When it was slow at the Save-way, I’d look at the magazines near the Sinop Escort door and see the covers with these sexy looking women wearing practically nothing, but you know, they all looked alike. I wanted to be sexy but not like that. I’d read articles about some of the actresses and their relationships and wondered if I’d ever have a relationship. I was fascinated by sex and loved playing with myself and wondering what it would be like to really have a man do it to me.
Lots of guys flirted with me at the Save way—some of them in their twenties, some a lot older and I liked how they looked at me and ask, “What are you doing after work?” Sometimes I’d smile back and never said anything but in my way I was teasing back. Even though I liked the guys teasing and flirting, still it was jazz that I cared about more than anything. I was always singing to myself, making up different ways of doing a song–fast, slow, playing around with the melody.
Forget about school. It didn’t exist, though they tried to get me to come. School was unreal. It was crowded and I didn’t care about what happened in 1812 or want to read the lame books they assigned like Silas Marner and I forget what other books that didn’t have anything to do with my life. I had no friends. The girls cared about clothes, boys and dying their hair different colors. The guys were jerks and just wanted to get laid or play stupid video games. I didn’t fit in that’s for sure.
There was one guy I liked—Gabe. I met him when I was a senior and already eighteen. He always carried a guitar on his back and I’d see him on the fire escape practicing. He was a loner, like me. He had long hair and was definitely not a jock. He seemed serious, like he was always thinking about something. He was in my Algebra class and I could tell he was bored because all he did was doodle. I saw his doodles—music notes all over the page and lots of swirls.
One day after Algebra, I asked him if he liked jazz. He looked at me, startled, like he wasn’t used to any one—especially a girl– talking to him, let alone asking him a question but the first thing I noticed were his intense blue eyes when he looked at me.
“Well, I see you like music because I see you practicing on the fire escape and noticed your doodling in algebra.” I paused. “Do you like jazz?”
“Kinda,” he said. “I guess. My dad’s a jazz musician. I’ve been taking classical guitar lessons.”
“Classical,”I repeated. “Cool! I’ve never heard classical guitar.”
“I play a little jazz,” he said,”but I really love flamingo and Bach.”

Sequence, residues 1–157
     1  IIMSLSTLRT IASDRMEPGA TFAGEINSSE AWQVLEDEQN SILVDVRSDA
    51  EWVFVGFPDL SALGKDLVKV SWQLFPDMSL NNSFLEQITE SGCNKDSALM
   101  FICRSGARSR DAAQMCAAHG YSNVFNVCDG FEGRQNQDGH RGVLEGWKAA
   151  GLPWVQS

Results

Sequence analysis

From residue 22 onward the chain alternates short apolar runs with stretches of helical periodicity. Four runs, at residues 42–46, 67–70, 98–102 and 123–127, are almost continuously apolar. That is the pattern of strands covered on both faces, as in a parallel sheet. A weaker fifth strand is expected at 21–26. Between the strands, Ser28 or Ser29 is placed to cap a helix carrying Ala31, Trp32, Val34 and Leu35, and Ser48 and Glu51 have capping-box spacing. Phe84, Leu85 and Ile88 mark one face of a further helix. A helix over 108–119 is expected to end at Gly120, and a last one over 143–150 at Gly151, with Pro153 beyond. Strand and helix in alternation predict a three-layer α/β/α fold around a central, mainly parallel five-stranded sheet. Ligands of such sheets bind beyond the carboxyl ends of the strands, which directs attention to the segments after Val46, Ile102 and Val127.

“You said your dad’s a jazz musician. What kind? I mean. What instrument does he play?” I asked, as we started walking down the hall.
“He plays piano and has a jazz trio. His real job is an accountant, but he plays jazz on weekends at different clubs.”
“I’m gonna be a jazz singer,” I told him. It was the first time I said that out loud. I don’t know why I said it and it scared me to blurt it out like that, but it also felt great to finally tell someone my secret thought, my dream. It felt right to say it to him because he loved music. There was no one else to say it to. Not at work. Not at school, until then, so I repeated it, just to hear the words again,”Yeah, I’m gonna be a jazz singer.”
Gabe looked at me like I was from outer space then smiled,”Cool,” he said. “Good for you. Not too many kids around here are into jazz.”
We continued to walk down the crowded hall without speaking,but I knew both of us were wondering what to say next. It was weird to find someone who loved music like me that wasn’t rock and roll. Finally, just before he stopped to go into his next class, he asked, “Would you like to hear me play the guitar?”
“Sure. I’d like that. Would you like to hear me sing?”
There was an awful silence. Finally I asked, “When?”
“Now, let’s cut and get out of here. It’s last period anyway.”
And that’s what we did. I cut school all the time, so it wasn’t a big deal, but Gabe said, he never did anything like this before. He was in the honors track, even if he didn’t pay attention in Algebra. He was on the school’s debating team and seemed pretty serious but there was also something else I sensed but couldn’t put into words. All I knew was I felt excited to be cutting with him.
He got his guitar out of his locker and we walked out of school and went to the park across the street. We went over a hill and sat down on the grass under a big tree. Gabe took out his guitar and tuned it. He looked at me then started playing something by Bach. He called it a partita. I was amazed at how his fingers moved so fast and how he bent over the guitar and concentrated. I couldn’t take my eyes off of him—those intense blue eyes, his long hair falling over his face,the way he moved his head and those fingers gliding over the strings.
He looked up at me after he finished and said,”I’ve been working on this like crazy for a month. What do you think?”
“You’re Sinop Escort Bayan amazing. I never heard anything like that. All I know is jazz.”